Nakhane: And I say, but I really meant it. I really, really meant it because life was really, really shit and then I got signed a few months later and they go, yeah, do you remember? You really were an idiot weren’t you?
Nakhane: But I always say you never know what tomorrow holds. Be careful who you surround yourself with, be careful of your mind, and just be kind. I think it comes back to you. It really comes back to try and making the world a better place.
DeRay: The other question that I ask everybody is what’s a piece of advice that you’ve gotten over the years that stuck with you?
Nakhane: My grandmother who my album is dedicated to, who passed away about 11 years ago, once said this to me because she didn’t listen to anyone. She did what she wanted and she was really my hero and she still is.
Nakhane: She said to me because she was quite a drinker and a smoker which was something that black women of that generation were not supposed to do. She did it anyway and she always used to say to me, “Nakhane, if you’re gonna drink alcohol, make sure that you’re not gonna do it under the bed or in a wardrobe somewhere because all of those secrets are gonna come out and you’re gonna be humiliated and you’re gonna have to apologize and you would’ve lost your dignity” et cetera.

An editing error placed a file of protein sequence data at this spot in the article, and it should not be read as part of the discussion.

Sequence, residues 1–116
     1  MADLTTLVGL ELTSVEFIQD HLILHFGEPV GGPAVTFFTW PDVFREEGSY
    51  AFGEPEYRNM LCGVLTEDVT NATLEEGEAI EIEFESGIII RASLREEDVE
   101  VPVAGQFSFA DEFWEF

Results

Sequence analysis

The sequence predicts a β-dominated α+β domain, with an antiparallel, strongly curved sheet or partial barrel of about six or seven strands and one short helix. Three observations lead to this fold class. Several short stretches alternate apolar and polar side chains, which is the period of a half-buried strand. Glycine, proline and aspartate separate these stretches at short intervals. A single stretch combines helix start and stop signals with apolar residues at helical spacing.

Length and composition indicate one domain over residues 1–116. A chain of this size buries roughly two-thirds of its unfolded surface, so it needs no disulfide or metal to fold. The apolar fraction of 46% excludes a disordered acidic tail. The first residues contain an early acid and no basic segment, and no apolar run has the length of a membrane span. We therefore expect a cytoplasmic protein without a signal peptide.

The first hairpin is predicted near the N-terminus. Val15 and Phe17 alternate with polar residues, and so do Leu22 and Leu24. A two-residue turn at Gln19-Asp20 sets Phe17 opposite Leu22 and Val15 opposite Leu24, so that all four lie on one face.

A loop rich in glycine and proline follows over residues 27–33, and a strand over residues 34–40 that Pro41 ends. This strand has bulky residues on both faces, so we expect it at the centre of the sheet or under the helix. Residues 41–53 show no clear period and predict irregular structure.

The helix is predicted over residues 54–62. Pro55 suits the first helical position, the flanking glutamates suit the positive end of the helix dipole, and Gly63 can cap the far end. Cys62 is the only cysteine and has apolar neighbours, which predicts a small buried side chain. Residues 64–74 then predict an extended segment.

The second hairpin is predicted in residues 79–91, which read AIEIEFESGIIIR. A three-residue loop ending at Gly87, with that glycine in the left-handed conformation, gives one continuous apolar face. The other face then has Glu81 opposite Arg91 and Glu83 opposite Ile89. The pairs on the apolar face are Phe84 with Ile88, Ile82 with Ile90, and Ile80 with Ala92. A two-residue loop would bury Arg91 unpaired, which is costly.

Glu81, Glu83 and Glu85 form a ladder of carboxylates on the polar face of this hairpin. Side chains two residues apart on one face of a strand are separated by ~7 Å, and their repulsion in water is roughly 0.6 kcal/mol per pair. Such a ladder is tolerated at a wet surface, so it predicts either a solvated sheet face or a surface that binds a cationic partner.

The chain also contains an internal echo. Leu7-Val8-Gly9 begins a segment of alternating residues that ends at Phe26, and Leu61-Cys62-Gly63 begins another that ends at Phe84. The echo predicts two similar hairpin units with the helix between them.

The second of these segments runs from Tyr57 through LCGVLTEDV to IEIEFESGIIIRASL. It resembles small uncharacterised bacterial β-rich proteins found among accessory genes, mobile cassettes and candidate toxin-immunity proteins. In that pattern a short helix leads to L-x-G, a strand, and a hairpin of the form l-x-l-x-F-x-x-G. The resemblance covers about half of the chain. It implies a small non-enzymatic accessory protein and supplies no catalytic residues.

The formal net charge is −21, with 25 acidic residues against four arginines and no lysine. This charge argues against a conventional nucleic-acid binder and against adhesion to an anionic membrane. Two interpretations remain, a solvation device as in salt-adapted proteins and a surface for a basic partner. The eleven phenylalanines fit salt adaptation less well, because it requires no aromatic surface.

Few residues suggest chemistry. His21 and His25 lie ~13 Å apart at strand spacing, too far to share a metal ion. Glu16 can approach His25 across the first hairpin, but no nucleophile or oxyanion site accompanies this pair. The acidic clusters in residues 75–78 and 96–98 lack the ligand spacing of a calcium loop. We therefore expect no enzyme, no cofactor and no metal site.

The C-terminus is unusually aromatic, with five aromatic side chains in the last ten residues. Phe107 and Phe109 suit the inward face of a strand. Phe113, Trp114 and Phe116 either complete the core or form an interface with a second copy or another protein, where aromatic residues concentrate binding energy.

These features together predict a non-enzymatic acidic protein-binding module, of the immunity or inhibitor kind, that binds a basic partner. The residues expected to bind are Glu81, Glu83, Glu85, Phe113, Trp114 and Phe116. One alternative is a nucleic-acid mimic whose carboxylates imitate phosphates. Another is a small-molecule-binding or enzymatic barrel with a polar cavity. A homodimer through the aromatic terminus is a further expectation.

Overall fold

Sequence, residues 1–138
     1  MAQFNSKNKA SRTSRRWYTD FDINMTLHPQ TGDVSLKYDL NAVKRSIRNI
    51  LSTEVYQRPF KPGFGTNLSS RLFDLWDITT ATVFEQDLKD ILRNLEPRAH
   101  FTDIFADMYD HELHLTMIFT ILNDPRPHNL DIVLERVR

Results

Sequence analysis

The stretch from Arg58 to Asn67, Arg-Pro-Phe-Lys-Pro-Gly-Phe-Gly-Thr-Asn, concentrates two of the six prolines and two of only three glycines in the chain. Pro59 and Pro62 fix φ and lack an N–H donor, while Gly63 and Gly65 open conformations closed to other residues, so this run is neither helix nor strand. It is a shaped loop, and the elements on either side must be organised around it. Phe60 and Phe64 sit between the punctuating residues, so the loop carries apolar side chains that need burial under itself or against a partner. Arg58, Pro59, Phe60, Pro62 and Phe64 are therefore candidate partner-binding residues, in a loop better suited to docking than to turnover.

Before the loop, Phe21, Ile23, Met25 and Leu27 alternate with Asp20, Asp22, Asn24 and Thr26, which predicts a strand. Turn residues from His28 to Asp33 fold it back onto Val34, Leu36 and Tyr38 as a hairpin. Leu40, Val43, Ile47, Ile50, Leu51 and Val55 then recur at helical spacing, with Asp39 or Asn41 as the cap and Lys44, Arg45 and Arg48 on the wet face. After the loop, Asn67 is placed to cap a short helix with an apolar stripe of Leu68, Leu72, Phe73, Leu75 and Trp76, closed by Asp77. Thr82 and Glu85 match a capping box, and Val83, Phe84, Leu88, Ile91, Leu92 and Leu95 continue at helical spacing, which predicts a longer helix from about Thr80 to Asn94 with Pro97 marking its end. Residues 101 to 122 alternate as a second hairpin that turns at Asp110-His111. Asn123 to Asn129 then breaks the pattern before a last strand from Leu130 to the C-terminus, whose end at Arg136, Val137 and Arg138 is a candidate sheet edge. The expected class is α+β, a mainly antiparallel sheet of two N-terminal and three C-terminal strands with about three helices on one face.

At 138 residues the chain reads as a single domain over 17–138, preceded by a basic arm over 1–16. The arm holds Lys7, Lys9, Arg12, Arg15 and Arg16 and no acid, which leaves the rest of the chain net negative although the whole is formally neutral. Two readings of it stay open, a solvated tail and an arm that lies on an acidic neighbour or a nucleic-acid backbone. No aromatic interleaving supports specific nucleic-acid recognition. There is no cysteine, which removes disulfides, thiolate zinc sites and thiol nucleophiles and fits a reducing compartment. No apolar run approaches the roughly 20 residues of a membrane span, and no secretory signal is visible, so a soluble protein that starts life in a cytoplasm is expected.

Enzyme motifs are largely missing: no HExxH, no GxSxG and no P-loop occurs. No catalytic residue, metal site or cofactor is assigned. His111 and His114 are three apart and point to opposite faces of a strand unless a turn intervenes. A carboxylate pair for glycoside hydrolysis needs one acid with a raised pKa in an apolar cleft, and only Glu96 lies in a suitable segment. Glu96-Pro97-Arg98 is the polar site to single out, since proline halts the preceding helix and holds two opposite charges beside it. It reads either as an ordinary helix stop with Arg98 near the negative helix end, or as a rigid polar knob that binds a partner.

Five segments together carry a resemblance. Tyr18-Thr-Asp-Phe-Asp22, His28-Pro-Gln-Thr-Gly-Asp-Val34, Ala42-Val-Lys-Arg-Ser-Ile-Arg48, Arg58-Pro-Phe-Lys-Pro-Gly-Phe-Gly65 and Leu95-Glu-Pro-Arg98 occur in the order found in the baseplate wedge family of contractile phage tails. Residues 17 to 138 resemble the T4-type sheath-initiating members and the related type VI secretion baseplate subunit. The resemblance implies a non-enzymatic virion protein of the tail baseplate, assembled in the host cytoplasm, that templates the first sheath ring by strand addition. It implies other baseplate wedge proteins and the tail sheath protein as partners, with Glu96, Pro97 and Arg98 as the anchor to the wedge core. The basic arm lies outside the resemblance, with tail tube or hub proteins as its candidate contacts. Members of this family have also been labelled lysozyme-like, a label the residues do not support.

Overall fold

Nakhane: Do everything in the open from the get go and believe in the truth. I’ve always tried to implement that in every facet of my life. Do everything honestly.
DeRay: I appreciate you coming on Pod Save the People. We look forward to staying in touch.
Nakhane: Thank you so much, DeRay. It’s been a pleasure speaking to you.
DeRay: Well, that’s it. Thanks so much for tuning into Pod Save the People this week. Tell your friends to check it out, make sure that you rate it wherever you get your podcasts, whether it’s Apple podcasts or somewhere else and we’ll see you next week.